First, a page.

Boutique chocolatiers, gourmet coffee, cheese, wineries, local farmers’ markets… The road west of Sydney is filled with serendipity, writes Sally Hammond
Load the car. Slam the doors. Let’s go! Driving west from Sydney, once you leave the tangle of suburbia, there is just one road. The Great Western Highway roughly follows the track made by three young men – next year, it will be 200 years ago – as they headed for the line of blue hills beckoning them on the horizon.
Beyond was… what? Mighty rivers, an inland sea, lush grazing lands? Their hopes high, they planned to cross the mountains to find out.
Blaxland, Lawson and Wentworth: today those are names of funky little villages nestled in valleys and on ridges of these same mountains. We stop for a coffee at one and buy postcards in another, but for those explorers it was pure slog, day after day slashing their way through bush just as dense as it is in the valleys today.
The Blue Mountains are a day trip destination for many now. Train, coach, drive. Stop at Echo Point, take photos, shout out “coo-ee!” (well, the name demands it) and hear your voice ping-ponging back from the red, ruler-straight edges of the gorge. Admire the Three Sisters. Maybe take the well-maintained path closer to photograph their stony faces. Then it’s on to the Scenic World cable car or maybe one of the shorter walking trails. Coffee, lunch, some boutique shopping, then back in the car (coach, train) to Sydney.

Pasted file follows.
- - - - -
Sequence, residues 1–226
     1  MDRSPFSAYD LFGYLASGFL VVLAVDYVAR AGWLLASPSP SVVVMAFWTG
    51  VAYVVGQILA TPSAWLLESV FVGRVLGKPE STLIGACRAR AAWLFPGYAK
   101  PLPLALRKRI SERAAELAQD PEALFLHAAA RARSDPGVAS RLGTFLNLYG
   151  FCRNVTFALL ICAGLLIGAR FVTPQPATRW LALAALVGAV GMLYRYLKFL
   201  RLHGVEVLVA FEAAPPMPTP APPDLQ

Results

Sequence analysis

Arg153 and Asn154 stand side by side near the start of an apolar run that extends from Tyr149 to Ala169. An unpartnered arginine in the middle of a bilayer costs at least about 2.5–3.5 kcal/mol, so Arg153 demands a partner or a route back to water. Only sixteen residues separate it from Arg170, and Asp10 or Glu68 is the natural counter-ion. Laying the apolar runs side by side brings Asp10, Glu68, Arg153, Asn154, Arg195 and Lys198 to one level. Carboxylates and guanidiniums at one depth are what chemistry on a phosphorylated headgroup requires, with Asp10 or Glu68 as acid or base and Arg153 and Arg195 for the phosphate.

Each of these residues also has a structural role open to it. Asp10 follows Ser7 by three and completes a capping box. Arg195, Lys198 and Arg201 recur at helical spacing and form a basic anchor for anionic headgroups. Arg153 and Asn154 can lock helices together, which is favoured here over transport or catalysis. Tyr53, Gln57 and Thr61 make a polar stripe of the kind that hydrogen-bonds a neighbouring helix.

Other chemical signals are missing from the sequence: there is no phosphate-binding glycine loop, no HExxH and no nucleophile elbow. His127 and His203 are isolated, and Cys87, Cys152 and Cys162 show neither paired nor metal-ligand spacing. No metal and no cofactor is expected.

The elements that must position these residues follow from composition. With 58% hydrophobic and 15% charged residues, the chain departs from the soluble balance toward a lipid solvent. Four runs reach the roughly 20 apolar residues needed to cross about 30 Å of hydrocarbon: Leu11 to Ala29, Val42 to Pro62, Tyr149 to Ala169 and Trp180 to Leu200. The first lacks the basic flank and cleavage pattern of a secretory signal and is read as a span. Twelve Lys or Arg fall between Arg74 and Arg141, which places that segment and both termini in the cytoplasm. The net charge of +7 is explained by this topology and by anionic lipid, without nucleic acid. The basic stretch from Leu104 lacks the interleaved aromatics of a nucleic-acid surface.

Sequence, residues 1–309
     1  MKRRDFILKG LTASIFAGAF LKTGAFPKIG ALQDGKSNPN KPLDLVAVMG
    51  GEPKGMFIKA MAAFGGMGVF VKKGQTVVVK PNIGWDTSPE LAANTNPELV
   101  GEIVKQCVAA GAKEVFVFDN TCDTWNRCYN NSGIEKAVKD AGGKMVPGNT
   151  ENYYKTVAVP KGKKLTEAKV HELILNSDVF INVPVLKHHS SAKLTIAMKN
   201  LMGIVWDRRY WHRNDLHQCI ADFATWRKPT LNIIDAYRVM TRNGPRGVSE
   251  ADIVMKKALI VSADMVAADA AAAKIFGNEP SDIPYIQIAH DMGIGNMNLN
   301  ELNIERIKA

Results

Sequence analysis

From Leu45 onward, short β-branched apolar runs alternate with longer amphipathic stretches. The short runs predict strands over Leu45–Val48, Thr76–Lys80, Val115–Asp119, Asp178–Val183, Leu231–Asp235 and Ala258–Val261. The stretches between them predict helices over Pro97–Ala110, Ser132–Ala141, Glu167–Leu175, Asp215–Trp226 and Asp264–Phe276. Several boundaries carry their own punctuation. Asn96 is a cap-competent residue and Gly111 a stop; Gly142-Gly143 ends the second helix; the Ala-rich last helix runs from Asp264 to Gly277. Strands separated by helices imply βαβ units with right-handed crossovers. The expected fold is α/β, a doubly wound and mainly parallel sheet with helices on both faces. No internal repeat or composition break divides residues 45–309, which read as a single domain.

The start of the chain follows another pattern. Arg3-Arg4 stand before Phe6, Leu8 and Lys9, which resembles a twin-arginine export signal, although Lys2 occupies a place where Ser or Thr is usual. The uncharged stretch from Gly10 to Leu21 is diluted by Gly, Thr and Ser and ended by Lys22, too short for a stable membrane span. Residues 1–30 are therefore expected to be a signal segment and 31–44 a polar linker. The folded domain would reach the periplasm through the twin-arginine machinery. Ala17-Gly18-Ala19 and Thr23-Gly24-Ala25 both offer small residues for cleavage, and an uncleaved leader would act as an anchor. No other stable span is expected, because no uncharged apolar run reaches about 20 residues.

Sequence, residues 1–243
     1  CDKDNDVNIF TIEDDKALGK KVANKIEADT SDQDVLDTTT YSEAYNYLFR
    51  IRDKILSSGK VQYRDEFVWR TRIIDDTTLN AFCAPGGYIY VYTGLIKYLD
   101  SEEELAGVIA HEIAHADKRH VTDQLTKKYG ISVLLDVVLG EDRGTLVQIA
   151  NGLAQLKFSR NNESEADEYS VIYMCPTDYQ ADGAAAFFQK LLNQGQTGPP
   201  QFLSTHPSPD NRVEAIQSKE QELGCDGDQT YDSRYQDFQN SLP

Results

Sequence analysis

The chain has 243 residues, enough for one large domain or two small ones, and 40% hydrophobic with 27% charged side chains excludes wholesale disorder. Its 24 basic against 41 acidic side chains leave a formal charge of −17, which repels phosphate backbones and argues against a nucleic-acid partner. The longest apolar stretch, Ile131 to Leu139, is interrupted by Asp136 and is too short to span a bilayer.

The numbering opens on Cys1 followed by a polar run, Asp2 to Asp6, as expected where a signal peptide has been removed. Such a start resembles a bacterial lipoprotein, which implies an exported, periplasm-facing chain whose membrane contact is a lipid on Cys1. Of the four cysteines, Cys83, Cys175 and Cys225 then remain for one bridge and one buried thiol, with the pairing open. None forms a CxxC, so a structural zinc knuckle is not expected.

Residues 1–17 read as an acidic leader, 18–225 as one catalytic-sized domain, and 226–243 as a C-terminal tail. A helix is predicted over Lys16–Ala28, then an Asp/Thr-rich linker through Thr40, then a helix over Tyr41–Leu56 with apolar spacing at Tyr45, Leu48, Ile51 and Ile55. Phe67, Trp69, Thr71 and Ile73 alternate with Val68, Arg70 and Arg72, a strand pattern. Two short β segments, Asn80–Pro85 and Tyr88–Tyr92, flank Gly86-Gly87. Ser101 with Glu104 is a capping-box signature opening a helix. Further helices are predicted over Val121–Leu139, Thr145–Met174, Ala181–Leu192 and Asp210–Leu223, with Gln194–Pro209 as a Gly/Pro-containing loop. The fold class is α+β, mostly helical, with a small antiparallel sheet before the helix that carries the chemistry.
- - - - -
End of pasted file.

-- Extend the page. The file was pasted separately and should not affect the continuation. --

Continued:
Many have done that, but on this trip we plan to take a day or so doing our own soft-exploring in the mountains, then veer north-west to Mudgee.
Our hotel in Katoomba overlooks the huge bowl of the Jamieson Valley. Sydney’s sixth Chief Justice Judge Darley built a house here over a century ago; it is now the property’s restaurant. Designed to be a health respite for Lilian, his TB-wracked daughter, Lilianfels Blue Mountains Resort & Spa is still a modern-day stress cure. The spa and Darley’s restaurant complete its elegant trifecta of eat-sleep-relax, making this our top choice whenever we travel in this direction.
We dine that night surrounded by original decor in Darley’s – but no ghost of Lilian. Sadly, she never lived to visit here. Chef Sam Aisbett’s food gets my tick of approval, especially when we learn he is fanatical about sourcing as much as produce as possible from the local area – sometimes even as close as his kitchen garden.
Next day we wander along nearby Leura’s main street. Katoomba may be the larger town, the scenic magnet, but Leura is the tourist epicentre with its cafés and speciality shops. We meet up with a friend for hot chocolate at Café Madeleine (sister shop to lush chocolatier Josophan’s up the street), then later have lunch at Leura Garage, which combines industrial-chic decor with inner-city coffee and food.
One last stop before we leave the mountains. If you can’t imagine 3000-plus teapots, you just have to visit the Treasured Teapot Museum to marvel at the kaleidoscopic colours and designs of pots reaching to the ceiling. Luckily the cottage-museum is also a shop and café, so take your time.